Today on Access Utah, writer Bill Shapiro joins us to talk about what draws him to other people's photos. He says other people's photographs are "like time-travel and a shortcut to empathy." We talk about how photography can pull us outside of ourselves, connecting us to something greater.
Writing recently in the New York Times Magazine, in an article titled “The Strange Lure of Other People’s Photos,” Bill Shapiro says “We’re all drowning in our own pictures — last year, we humans took an estimated 1.3 trillion of them. I keep pictures that I never look at (an acrobatic squirrel), others I look at immediately after I take them but rarely if ever again (rooftop sunset), some I flip to often (children, girlfriend). And then there are the photos I reach for, with intention, a couple of times a year, when I find myself needing to look at life with different eyes. … These pictures, taken by average people with average cameras, are among the thousand or so that I’ve picked up at flea markets, junk shops, garage sales and, once in a while, on eBay.”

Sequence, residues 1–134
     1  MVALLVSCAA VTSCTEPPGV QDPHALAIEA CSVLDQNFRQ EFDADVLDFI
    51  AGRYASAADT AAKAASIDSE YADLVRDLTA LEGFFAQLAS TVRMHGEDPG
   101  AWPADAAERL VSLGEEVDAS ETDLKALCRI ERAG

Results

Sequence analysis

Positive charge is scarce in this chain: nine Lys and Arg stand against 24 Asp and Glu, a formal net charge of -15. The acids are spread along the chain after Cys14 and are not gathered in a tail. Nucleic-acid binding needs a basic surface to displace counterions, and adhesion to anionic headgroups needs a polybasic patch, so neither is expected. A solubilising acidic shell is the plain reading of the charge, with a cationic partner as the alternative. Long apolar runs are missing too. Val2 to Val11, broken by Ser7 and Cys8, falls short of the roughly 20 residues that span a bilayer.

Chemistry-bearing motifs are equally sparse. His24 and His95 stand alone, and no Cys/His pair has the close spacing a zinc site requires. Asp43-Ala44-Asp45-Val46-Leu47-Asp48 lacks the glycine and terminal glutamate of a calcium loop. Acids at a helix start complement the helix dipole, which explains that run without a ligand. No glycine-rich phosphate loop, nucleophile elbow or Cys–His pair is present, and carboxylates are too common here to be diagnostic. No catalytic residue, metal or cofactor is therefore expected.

Bill Shapiro is the former editor-in-chief of LIFE magazine and the founding editor of LIFE.com, which won the National Magazine Award for digital photography in 2011. Born in Los Angeles in 1965, his books include What We Keep:150 People Share the One Object that Brings Them Joy, Magic, and Meaning, Other People’s Love Letters:150 Letters You Were Never Meant to See, and the children’s book Gus & Me:The Story of My Granddad and My First Guitar, which he co-wrote with Keith Richards (the legendary Rolling Stones guitarist) and Barnaby Harris (his oldest friend); Gus reached No. 2 on the New York Times bestseller list for children’s books. He curates fine-art photography exhibits and serves on the Art Advisory Board of SXSW. On Instagram, he’s @billshapiro.